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  1. In case you're still looking for an idea on this... We were experiencing a similar issue in which these 401 statuses would be returned after a period of inactivity in our application (we're embedding reports using Visualize.js). Attempting to run any reports, even with the authentication username / password included every time, continued to return 401. A page refresh fixed the issue, however. We were able to catch and attempt to handle this with the error handler attached to the v.report({}) function. It appears that some of the session information is actually stored within the visualize.js script that you pull from the server before executing any reports. We found the following steps fix this issue (and can be done behind the scenes without refreshing the page or alerting the user): Catch and handle the authentication error. Set window.visualize = null.Fetch the visualize.js script from your JasperReports Server again.Execute the report again.These steps have effectively resolved our issue, though I suspect that there may be a more proper solution out there if anyone has better knowledge of the visualize.js source code and knows how this session information is stored.
  2. Unfortunately not. In the short term we've sacrificed the server-side validation of credentials, but certainly hope to transition to a better solution when one is identified.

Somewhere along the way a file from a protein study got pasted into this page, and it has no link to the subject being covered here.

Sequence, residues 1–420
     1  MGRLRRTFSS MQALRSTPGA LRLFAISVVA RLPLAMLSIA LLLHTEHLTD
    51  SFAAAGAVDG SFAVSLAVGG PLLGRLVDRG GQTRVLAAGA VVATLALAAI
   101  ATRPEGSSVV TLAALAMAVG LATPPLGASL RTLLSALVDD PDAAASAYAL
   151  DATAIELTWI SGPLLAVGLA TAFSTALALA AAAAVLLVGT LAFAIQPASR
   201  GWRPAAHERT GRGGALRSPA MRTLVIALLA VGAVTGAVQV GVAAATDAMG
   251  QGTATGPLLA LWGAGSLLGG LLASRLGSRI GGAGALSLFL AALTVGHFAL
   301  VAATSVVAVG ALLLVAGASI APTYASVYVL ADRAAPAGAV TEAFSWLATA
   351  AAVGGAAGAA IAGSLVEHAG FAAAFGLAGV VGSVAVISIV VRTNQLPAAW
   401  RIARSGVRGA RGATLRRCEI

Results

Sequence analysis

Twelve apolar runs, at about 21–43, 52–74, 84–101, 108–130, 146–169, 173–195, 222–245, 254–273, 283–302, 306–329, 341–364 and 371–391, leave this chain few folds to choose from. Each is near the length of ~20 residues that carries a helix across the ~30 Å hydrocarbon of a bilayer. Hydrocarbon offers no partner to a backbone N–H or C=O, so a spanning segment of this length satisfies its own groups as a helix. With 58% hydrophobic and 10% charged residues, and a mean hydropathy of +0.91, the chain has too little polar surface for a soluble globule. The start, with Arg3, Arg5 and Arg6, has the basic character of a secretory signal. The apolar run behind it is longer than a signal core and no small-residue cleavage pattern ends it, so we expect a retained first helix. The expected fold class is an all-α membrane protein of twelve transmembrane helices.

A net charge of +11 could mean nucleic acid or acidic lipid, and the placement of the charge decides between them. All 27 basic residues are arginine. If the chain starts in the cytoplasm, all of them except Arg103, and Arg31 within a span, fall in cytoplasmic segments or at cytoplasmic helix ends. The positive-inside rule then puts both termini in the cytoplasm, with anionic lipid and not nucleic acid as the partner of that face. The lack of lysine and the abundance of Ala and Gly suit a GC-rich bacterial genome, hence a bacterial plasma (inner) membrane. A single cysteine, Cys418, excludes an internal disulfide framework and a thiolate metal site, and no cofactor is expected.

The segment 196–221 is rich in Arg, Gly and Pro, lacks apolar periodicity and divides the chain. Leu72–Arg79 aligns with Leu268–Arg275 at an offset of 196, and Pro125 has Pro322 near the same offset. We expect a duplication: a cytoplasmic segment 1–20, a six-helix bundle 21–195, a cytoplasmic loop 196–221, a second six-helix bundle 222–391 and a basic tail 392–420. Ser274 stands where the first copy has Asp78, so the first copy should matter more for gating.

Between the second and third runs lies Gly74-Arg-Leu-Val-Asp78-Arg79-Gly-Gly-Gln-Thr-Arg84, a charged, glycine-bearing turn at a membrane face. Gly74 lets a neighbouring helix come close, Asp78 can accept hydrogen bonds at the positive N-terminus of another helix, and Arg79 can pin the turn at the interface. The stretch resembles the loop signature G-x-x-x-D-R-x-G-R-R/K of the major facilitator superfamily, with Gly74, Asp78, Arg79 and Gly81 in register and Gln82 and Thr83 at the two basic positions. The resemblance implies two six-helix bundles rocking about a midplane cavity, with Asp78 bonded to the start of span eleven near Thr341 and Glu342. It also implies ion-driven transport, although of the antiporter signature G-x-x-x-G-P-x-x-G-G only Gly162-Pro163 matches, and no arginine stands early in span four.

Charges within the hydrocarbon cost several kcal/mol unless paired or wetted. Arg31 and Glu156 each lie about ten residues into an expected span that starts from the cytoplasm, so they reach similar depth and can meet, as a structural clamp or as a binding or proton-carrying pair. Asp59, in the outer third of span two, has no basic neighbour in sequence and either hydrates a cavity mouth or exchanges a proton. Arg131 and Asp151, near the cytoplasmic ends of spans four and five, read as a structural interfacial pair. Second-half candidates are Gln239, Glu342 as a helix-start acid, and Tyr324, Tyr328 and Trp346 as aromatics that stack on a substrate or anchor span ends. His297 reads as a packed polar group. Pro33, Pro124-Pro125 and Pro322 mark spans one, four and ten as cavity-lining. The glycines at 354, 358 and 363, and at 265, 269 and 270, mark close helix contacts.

3. My team is developing a web application that uses JasperReports Server (AWS) and Visualize.js to display data visualizations to our customers within our application. One of the key components with this setup is the JRS authentication that must happen with Visualize.js on our frontend when a user attempts to view embedded reports. The documentation available for Visualize.js consistently mentions three methods: Plain text credentials, SSO Tokens, and Login Hooks. Our goal is as follows: When Visualize.js attempts to authenticate a user, we want to ensure that the username and password being sent to JRS actually belong to the user making the request. This requires that a request be made to our web application. At first glance, the “Login with Hooks” option for authentication with Visualize.js seems to be the best approach for us to achieve our goal. However, there seems to be very little explanation on how this authentication approach actually works in the documentation. The only documentation we have been able to find is a javascript code snippet with a few comments (see http://community.jaspersoft.com/documentation/tibco-jasperreports-server-visualizejs-guide/v60/api-reference-login-and-logout or http://jsfiddle.net/TIBCO_JS_Community/x7twvehg/). Is anyone aware of documentation that further explains how this authentication method works? Specifically, we are hoping to understand definitively: 1. Can the URL of the custom login function point to our web application’s server (such as http://our-web-application.com/jrs-authenticate) or can it only point to JRS (such as http://my.jasperserver.com/customLogin, shown in the documentation)? 2. If our only choice is a URL pointing to JRS (such as http://my.jasperserver.com/customLogin), is there documentation that details how to create such a custom login function?
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